The property couldn’t be held in an ISA to shelter it from tax and upon research like the investment experts advised the average property increase at 6.18% per year (1986-2017 average house price increase) was significantly lower than equities 10.99%.

Government clamp down

Government clamp downShortly after I finished purchasing the second property George Osborne rolled out a budget raining the hammer down on property investors.

For some time they’d been presented negatively in the press and this was offered both an option to capture votes from the younger generation and increase tax revenues at the same time.

The budget increased the tax on selling a property to 8%, increased stamp duty for investors by 3% and banned investors from claiming many expenses (including interest payable on mortgages).

This made headlines such as ‘buy-2-let is dead’ and ‘house price crash due’ and furthermore it made my comparison even more difficult…damn it, George!

Property VS Stocks and Shares – The Results

At this point I was no clearer which produced the greater returns, so I set out to build the first financial model accurately comparing property investing over equity investing including all the attributes missed off by financial reporters (benefits of leverage, extra time and costs spent on property, tax implications, recent government changes, impact of fees on index investing, inflation rates etc etc).

Once the model was built I created charts to easily showcase the data, below are the results of hours spent mining the data:

Average property investor VS equities investor

I began with the historical data a typical Independent Financial Adviser (IFA) would use taking national averages since 1986 to compute everything from equities performance to interest rates.

Property vs stocks and shares

  • Yearly property increase – 6.18%
  • Property rental yield – 4.5%
  • Initial discount on property – 0%
  • Mortgage deposit – 25%
  • Mortgage interest rate – 7.33%
  • Equities holding fees – 0.85%
  • Yearly equities increase – 10.99%

We can see the data an IFA would use does show equities clearly outperform property for both basic & higher rate tax payers and investors who purchase property within a limited company.

However what they’d miss out is that sophisticated property investor’s would never invest at these rates.

Aiming instead for significantly higher rental yield’s (typically 8%), creating initial value uplifts through refurb’s and negotiation.

Furthermore if we look at the time it took mortgage rates to drop to the current rate of 0.5% and work backwards they’ll likely pay a much lower mortgage interest rate over the next 30 years than the past 30 years.

So taking this into consideration I created another model.

Sophisticated property investor VS equities investor

Sophisticated property investor vs equities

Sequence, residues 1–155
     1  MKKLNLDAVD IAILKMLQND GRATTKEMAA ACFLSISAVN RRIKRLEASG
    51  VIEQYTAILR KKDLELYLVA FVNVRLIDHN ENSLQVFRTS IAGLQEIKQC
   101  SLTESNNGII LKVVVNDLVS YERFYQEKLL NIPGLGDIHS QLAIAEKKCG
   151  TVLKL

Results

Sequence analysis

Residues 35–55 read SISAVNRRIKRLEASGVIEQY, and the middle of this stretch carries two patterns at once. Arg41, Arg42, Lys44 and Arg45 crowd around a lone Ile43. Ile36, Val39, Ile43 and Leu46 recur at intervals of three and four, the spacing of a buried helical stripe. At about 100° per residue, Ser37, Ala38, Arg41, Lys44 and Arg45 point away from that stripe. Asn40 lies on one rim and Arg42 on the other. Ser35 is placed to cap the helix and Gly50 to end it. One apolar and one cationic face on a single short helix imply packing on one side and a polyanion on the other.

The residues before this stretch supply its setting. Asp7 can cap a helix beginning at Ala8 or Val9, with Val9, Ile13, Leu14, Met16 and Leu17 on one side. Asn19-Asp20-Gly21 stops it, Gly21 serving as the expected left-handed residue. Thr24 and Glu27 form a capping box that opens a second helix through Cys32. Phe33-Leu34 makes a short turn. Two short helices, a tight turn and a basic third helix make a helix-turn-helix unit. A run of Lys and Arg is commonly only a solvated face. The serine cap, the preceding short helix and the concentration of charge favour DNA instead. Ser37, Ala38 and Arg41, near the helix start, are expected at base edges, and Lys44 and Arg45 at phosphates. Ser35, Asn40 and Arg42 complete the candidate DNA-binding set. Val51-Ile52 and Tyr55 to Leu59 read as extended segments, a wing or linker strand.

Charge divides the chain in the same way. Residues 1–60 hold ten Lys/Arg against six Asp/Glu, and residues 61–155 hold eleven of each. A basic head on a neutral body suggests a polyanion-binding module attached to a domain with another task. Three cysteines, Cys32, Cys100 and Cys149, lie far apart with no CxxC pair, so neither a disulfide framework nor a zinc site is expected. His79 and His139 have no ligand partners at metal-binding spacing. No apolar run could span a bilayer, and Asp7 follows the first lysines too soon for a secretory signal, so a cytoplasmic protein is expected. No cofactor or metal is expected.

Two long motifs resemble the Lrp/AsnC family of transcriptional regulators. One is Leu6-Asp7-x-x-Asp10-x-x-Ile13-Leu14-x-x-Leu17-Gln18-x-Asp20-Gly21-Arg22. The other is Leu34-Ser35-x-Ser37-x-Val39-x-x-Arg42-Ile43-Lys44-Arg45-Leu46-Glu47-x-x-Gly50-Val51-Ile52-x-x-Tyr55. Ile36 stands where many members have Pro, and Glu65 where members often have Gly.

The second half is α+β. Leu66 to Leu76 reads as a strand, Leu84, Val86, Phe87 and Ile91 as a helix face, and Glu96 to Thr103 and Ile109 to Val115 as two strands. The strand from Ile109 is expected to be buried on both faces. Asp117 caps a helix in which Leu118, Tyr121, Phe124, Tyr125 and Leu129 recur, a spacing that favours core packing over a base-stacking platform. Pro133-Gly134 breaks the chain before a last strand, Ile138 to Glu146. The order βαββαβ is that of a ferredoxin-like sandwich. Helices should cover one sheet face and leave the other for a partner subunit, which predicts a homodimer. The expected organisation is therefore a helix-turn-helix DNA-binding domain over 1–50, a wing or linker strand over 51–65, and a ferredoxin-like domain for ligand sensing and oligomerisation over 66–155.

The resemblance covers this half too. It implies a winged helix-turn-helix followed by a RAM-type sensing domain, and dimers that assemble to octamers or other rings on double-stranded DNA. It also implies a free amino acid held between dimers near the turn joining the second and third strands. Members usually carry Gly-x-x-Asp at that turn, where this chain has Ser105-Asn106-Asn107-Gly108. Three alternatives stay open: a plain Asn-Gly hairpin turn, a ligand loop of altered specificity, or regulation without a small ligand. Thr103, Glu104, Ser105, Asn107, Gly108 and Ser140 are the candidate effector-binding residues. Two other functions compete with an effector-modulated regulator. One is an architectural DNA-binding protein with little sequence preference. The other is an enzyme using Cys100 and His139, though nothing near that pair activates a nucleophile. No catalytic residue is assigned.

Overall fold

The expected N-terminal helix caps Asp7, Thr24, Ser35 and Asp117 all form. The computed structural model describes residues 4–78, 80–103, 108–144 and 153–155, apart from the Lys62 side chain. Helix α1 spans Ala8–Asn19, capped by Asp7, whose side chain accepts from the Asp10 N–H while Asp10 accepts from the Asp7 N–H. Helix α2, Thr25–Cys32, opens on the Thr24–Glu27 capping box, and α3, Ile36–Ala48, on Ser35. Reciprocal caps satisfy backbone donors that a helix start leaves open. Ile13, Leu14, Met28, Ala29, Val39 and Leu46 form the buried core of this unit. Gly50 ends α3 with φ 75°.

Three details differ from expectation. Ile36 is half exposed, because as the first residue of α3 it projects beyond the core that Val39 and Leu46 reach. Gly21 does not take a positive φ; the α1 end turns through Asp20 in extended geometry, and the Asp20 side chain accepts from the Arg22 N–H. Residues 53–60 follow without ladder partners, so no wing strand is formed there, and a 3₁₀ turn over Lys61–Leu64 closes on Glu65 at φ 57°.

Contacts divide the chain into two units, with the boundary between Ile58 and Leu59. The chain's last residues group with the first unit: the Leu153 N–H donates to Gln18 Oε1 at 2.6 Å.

• Yearly property increase – 7%
  • Property rental yield – 8%
  • Initial discount on property – 20%
  • Mortgage deposit – 25%
  • Mortgage interest rate – 4.5%
  • Equities holding fees – 0.85%
  • Yearly equities increase – 10.99%

We can see here, the property has burst onto the scene for everyone apart from the higher rate taxpayers. Showcasing how the sophisticated property investors have a huge advantage over the invest and hope investors.

I should have stopped here but like an addict, I dived back into the spreadsheet creating a final model. So far I compared:

– Average property investors VS good equity investors
– Good property investors VS good equity investors

What I’d missed is that your average equity investor likely over pays for someone to manage his or her financial affairs increasing the fees they’d pay and having investments that lag behind the average so in order to realistically compare the two we needed to take this into consideration.

Sophisticated property investor VS average equity investor

Likely equities returns vs sophisticated property returns

  • Yearly property increase – 6.18%
  • Property rental yield – 8%
  • Initial discount on property – 20%
  • Mortgage deposit – 25%
  • Mortgage interest rate – 4.5%
  • Equities holding fees – 1.5%
  • Yearly equities increase – 7.5%

Finally I increased equity fees to 1.5% (still much lower than most pay) and reduced equities return to 7.5%. You can see this has had a massive impact on the performance – now putting property ahead for everyone (even the higher rate tax payers).

In this final example the basic rate property investor would end up with £529,712 compared to his equity investing friend left with just £186,748.

So it’s apparent that the winner is the educated investor whether they specialise in property or equities.

An educated index investor will out perform the average property investor over the long-run whilst the sophisticated property investor will outperform your average equity investor.

Damn it Sam! Just tell me what to do!

In order to compare for your own sake I recommended you take into consideration your starting investment, income level, stage in life and time commitment (property investing takes a lot longer).

Then play with the financial model yourself (link below) on a deal-by-deal basis to calculate whether you’re better off in equities or property:

Want to download the customisable financial model for yourself? Download here

Sources:

UK House price index

Property sold prices for Coventry & Durham – Land Registry

Average property sold prices of 6.18%

Average equity returns of 10.99%

Average rental yields of 4.5%

Interest rate averages of 7.33%

UK inflation rate of 2.85%

Assumptions within financial model

  • 20% for property repairs & management fees
  • Re-tenancy and re-find every 3 years
  • 5% non-claimable expenses
  • Insurance and driving expenses at £200
  • Remortgage fees at £2,000 every five years
  • Estate agency fees of 2.5% plus £250 mortgage escape
  • £1,000 buying solicitor fee
  • £1,700 holding fees upon selling (council tax, mortgage bills etc)
  • 2.5% estate agency fee
  • £1000 selling solicitor fee
  • £150 personal time